Tom Long: A short memoir from a lucky film critic
In the summer of 1981, I was the singer and songwriter for a band in Santa Cruz, California, called Thin Ice. We landed a gig opening for teen pop phenom Rick Springfield at the county fair.
The editor of a local weekly thought it would be fun to have the opening band’s singer write a review of Springfield’s album. I wrote the review. Then the editor asked if I would like to interview Springfield for a feature. I barely caught him in a hotel lobby. After I wrote the article, the editor asked if I wanted to be the weekly’s music writer.
I wrote for that and assorted other publications, the band eventually broke up, and in 1985, at the age of 35, I took my first full-time job at the local daily, The Santa Cruz Sentinel. I started out as an entertainment clerk, but soon became a general assignment reporter, covering crime and courts, doing investigative work, writing editorials, whatever, while all along continuing to review pop culture. My first movie review was “Die Hard” in 1987.
For a few years I was the entertainment editor, then the features editor. I got lucky along the way and won some writing awards. Then The Detroit News came calling.
In 1996, at the age of 46, I moved my family from the beaches of California to Michigan. I started out at The News as pop music writer, then morphed through pop culture writer, lifestyles columnist and TV writer, all the while still reviewing movies. In 2002, I landed my dream job and became the paper’s full-time film critic.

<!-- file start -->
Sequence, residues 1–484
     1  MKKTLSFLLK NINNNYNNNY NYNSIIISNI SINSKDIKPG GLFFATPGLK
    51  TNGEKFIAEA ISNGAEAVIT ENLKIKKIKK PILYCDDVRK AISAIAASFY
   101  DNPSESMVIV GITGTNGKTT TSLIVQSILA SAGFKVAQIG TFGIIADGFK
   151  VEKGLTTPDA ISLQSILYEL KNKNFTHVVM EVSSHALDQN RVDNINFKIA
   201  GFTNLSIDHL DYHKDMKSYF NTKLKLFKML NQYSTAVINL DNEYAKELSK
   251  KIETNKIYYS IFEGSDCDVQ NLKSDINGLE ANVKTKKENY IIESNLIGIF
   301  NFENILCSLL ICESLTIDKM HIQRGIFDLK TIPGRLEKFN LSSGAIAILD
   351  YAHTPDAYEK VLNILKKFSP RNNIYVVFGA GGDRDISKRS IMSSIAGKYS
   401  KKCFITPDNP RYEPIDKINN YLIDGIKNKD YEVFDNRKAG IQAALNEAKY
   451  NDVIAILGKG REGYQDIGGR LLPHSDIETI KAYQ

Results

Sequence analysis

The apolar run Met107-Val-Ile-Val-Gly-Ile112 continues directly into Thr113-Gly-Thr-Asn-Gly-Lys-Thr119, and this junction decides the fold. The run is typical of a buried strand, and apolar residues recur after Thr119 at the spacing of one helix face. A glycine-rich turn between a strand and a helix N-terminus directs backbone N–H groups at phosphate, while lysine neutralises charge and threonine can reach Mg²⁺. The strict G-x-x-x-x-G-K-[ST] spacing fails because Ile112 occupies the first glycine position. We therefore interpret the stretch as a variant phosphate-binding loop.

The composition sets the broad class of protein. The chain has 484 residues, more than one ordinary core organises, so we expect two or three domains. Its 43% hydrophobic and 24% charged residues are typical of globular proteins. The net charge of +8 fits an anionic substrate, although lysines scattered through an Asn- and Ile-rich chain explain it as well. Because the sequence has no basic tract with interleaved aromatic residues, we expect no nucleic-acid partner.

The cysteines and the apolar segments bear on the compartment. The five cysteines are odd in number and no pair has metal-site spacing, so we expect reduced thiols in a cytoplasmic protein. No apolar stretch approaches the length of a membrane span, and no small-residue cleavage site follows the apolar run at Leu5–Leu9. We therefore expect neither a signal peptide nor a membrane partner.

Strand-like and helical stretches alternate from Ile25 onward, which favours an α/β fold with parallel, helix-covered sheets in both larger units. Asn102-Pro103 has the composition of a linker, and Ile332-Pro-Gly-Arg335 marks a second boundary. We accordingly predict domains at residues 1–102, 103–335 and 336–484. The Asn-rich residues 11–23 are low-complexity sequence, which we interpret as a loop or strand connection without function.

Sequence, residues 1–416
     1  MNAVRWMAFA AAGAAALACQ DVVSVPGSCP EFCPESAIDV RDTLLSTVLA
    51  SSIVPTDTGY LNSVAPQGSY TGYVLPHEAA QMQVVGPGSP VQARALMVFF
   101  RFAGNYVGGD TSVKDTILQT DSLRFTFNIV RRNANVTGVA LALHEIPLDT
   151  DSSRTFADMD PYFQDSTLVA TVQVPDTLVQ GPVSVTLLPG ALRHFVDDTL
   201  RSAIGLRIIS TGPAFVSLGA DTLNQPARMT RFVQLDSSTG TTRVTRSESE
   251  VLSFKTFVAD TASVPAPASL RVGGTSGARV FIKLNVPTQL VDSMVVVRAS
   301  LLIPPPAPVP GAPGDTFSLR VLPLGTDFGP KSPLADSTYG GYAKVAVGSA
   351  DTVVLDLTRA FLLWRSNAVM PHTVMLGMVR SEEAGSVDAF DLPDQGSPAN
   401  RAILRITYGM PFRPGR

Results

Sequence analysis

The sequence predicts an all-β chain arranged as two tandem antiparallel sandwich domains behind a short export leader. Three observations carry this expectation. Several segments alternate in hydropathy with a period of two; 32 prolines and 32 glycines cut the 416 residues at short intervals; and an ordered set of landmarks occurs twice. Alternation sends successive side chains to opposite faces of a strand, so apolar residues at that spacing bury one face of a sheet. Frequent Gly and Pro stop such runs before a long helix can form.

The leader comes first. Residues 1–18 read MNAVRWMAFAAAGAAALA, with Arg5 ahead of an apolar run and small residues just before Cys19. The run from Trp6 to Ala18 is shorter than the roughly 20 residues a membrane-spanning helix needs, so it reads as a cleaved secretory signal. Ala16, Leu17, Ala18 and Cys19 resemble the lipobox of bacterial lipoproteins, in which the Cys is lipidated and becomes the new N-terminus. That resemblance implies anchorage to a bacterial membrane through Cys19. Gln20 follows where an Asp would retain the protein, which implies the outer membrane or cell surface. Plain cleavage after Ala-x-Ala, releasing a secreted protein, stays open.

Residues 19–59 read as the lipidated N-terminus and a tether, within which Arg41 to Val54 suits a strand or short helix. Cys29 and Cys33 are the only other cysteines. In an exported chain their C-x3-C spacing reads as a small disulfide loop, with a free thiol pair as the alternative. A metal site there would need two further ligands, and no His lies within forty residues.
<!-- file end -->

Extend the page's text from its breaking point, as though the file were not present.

Since that time, I have reviewed literally thousands of films, some wondrous, some awful, most on a scale in between. My opinions have never been right or wrong; they’ve just been my opinions, inevitably colored by my own background and perspective. I think part of a critic’s function is to serve as a marker of sorts; readers get to decide whether I’m generally right or a knucklehead. Either way a service is provided.
More importantly, hopefully, a conversation is started. I have always found popular culture to be a keen and telling reflection of our hopes, our fears, our collective and individual selves. I’ve tried to include that perspective in my writing, tried to get at the bigger picture.
Now, after 19 years at The News, I find myself retiring from the full-time film critic job. I hope to continue writing reviews on a part-time basis for as long as possible.
It has been my honor and privilege to write for this paper’s readers. Thank you so very much for reading.